Friday, January 11, 2013

Assessment and Testing

RRR Unit 10: Assessment and Testing

Expanding Horizons and Unresolved Conundrums: Language Testing and Assessment


    This paper focuses on two parts; the first dealing with issues relating to formal tests and the second to broader concerns of assessment. The first section addresses the test authenticity while the second section acknowledges issues related to validity, ethics and alternative assessment. For tests to be useful, Bachman and Palmer (1996) propose that developers need to consider six test qualities: reliability, construct validity, authenticity, interactiveness, impact, and practicality.

      Authenticity can be seen in terms of the extent to which a test or assessment task relates to the context in which it would normally be performed in real life. Bachman and Palmer (1996) define authenticity as “the degree of correspondence of the characteristics of a given language test task to the features of a TLU [target language use] task” , moving it away from a simple one-to-one correspondence of test task to real-life task toward a quality that can only be determined in relation to “the characteristics of the test takers, the TLU domain, and the test task”.
       Authenticity is important for two reasons; facilitating score interpretations and it affects test takers performance. The work on authenticity has certainly been both intellectually stimulating and challenging, and it has fostered some changes in the way a task in testing is operationalized.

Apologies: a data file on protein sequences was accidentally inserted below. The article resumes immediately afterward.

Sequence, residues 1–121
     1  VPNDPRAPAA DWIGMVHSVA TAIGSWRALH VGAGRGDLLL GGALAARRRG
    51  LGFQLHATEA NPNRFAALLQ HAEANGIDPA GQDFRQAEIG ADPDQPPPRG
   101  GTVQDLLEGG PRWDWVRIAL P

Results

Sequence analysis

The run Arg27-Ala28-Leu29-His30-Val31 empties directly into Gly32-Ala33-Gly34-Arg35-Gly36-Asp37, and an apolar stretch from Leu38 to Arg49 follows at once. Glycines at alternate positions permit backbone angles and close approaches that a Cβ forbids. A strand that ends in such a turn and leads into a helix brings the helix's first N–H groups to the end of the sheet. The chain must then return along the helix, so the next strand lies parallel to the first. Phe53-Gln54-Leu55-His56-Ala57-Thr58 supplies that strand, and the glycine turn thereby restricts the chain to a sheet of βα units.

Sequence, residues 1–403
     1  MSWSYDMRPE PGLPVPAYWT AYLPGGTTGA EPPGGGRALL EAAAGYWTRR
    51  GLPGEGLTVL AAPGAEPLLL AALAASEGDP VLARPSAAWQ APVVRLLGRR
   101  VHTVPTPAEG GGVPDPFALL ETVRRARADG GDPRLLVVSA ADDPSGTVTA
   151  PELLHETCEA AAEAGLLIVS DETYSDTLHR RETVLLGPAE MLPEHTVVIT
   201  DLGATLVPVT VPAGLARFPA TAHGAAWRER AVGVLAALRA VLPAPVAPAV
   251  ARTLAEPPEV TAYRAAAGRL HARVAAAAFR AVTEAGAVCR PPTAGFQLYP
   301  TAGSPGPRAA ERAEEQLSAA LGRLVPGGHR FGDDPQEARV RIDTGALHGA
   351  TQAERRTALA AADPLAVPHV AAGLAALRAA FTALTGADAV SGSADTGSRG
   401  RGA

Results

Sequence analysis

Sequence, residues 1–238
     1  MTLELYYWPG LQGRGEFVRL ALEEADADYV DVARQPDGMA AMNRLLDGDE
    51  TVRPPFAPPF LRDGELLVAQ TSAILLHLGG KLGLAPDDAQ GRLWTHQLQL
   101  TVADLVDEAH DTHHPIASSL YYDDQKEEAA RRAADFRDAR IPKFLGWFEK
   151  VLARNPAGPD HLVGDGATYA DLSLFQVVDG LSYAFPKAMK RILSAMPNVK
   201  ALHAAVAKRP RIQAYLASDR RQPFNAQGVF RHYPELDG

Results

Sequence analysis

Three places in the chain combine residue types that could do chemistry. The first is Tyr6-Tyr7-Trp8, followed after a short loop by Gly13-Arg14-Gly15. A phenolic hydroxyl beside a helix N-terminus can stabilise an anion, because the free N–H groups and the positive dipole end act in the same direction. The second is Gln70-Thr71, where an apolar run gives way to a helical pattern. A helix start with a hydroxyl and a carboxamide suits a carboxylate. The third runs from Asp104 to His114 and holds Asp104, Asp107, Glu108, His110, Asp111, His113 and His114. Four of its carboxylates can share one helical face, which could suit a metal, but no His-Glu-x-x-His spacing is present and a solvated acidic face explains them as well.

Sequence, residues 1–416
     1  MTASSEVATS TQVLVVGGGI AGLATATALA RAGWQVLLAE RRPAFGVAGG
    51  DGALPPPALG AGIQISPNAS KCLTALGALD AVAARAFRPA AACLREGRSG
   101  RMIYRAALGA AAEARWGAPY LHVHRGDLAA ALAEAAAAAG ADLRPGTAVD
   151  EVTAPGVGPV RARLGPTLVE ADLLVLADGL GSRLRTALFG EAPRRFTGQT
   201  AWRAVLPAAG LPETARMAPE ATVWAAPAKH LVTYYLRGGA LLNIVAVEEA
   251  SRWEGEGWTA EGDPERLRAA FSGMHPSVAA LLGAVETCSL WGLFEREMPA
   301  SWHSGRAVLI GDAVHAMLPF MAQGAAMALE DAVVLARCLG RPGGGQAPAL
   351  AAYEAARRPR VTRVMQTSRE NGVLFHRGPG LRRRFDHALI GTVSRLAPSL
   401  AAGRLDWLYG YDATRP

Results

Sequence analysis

The debate on test authenticity and test usefulness raised some questions related to the multifaceted nature of authentic testing. First, performance tests that strive to be highly authentic are often extremely complex. Test performance is affected by test-taker characteristics, candidates’ familiarity with test tasks, personality types, testwiseness and interlocutor behaviour.
      The other problem is the inability to account for task difficulty. If authenticity was not reflected in test situations, it could have a negative impact on classroom practice, reducing the range and type of
task employed.
Bachman’s model brought some interesting issues concerning the nature of language ability and how the language testing and assessment community collects evidence of students’ ability to use language. Furthermore, it has brought the discussions within teaching and testing closer together, at least at the conceptual and theoretical level.

    Validity, on the other hand,  in traditional psychometric terms, refers to the extent or degree to which a test measures what it has been designed to measure. It focuses on 3 important aspects; construct validity, content validity, and criterion validity.
      Brown (2000) sees the overall English language proficiency as a construct. Another ethical concern is the effect of a test or assessment framework on pedagogy, in other words, wash back. As Hamp-Lyons (1997) and others have observed, washback can be beneficial or detrimental to students’ learning. If teachers teach to the test or assessment requirements and the consequence is a narrowing of the curriculum, the effect is educationally undesirable.
       In relation to language testing Shohamy (2001) argues that the field needs to adopt a critical language testing perspective need to consider these questions:
-Who are the testers?
-What are their agendas?
-Who are the test-takers?
-What are their contexts . . . ?
-Who will benefit from the tests . . . ?
-What will their results be used for?
-What areas are being tested, and why . .?

      Another important development in the past decade is the growing interest among educators and policy makers in alternative forms of assessment, such as student portfolio, work samples, and classroom based teacher assessment. These assessment processes are an essential part of everyday classroom practice and involve both teachers and learners in reflection, dialogue and decision making.